Smoked Coppa Recipe

Coppa is a cut of muscle off a pig’s shoulder. If you buy a whole butt roast, the coppa is the large group of muscles to the side of the bone. Remember, a butt roast isn’t from the butt, it is from the shoulder of the pig. It was called a butt from the fact it used to be shipped in containers called butts.

When the roast is unwrapped, you will see a bone showing with a large piece of meat to one side. Put the roast on the counter with the bone nearer the bottom of the roast. Above the bone is a line of fat that runs above the bone.

You can work your fingers into the fat line and it will easily start to separate. When it stops separating easily, take a sharp knife and continue cutting through the fat line.

When you have totally separated the meat piece from the bone piece, there will be a thin piece of meat and fat. Cut this off to form a nice oval roast shape.


For each pound of Coppa, mix:

1½ Tsp kosher salt

1½ Tsp sugar

0.04 ounce ( tsp) Prague powder #1

1½ Tsp coarsely ground black pepper

1½ Tsp dried thyme

¼ Tsp garlic powder

 Tsp dried chili flakes

 Tsp ground nutmeg

¼ Bay leaf - crumbled


Curing the Coppa:

Crush/grind the pepper and cloves, and massage this whole mixture onto the pork collar (the coppa). Really work it into the meat. Then put the whole thing and any of the salt and spices which fell off during the massage into a zip lock bag. Get as much of the air out as possible, and put it in the fridge.

Leave it in the fridge, massaging the meat every 3 or so days, for about 10-15 days. The length of the stay in the fridge will depend on the thickness and weight of the meat. It is better to leave it too long than not long enough, so I would go with 15 days. Once cured, remove from the fridge, rinse quickly under cold water, and then dry well.

Put it in a casing of the appropriate size. I used 100 mm collagen casings. Tie the coppa up, if you want to use butcher knots.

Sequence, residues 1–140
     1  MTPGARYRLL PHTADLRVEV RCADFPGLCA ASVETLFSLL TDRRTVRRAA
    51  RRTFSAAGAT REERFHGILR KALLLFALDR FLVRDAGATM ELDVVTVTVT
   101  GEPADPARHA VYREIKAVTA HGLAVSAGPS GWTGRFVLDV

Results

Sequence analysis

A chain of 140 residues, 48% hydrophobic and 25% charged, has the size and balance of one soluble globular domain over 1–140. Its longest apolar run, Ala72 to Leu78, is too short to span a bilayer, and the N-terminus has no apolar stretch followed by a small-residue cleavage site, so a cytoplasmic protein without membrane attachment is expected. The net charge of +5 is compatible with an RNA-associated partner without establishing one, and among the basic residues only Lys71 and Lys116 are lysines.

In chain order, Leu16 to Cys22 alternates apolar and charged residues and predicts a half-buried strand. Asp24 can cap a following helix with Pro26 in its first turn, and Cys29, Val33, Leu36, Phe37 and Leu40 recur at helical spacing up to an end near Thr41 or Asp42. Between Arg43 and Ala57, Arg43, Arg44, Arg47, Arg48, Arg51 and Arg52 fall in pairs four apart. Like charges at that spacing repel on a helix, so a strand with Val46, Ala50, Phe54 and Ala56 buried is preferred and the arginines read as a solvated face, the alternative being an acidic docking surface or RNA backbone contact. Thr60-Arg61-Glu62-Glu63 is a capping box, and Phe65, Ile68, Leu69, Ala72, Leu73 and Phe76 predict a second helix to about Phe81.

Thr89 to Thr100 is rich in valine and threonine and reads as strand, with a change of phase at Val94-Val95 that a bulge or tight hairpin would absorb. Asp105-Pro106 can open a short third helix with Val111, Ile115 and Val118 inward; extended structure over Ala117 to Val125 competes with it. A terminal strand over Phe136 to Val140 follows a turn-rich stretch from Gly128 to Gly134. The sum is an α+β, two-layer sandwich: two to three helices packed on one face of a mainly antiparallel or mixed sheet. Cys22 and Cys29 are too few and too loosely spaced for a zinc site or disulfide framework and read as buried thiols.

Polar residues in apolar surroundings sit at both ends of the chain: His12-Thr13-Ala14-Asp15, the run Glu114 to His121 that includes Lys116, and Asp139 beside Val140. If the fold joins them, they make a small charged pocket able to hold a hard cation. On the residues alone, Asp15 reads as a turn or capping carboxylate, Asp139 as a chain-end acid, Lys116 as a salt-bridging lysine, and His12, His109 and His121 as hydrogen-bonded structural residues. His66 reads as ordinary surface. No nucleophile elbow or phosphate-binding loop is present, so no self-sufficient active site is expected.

Prick profusely with a toothpick while squeezing the coppa in the casing to get as much of the air out as possible. Do this especially at the 2 ends, and anywhere you see pockets of air.

Hang the Coppa in your curing chamber. I hung it at 55ºF (12.8°C) and about 75% RH, for 57 days, until it lost about 36% of its weight.

Once Meat Is Properly Cured:

Put the mixture in a mortar and grind with a pestle until you have a coarse mixture. Alternatively, put it in a spice mill or coffee grinder and process until there are coarse chunks.

Rub the mixture over the surface of the coppa. Put it in the fridge uncovered overnight.

Preheat your smoker to 200ºF (93.3°C). You can also cook it in a 200ºF (93.3°C) oven but I did like the smoke flavor in mine.

Put the Coppa in the smoker and smoke it to an internal temperature of 150ºF (65.6°C).

Let the Coppa cool to room temperature and refrigerate overnight.

Slice the Coppa as thin as reasonably can. Freeze any you will not eat in the next week.

This recipe is originally credited to David From OldFatGuy. Check out his blog for other full recipes and guides on food smoking!


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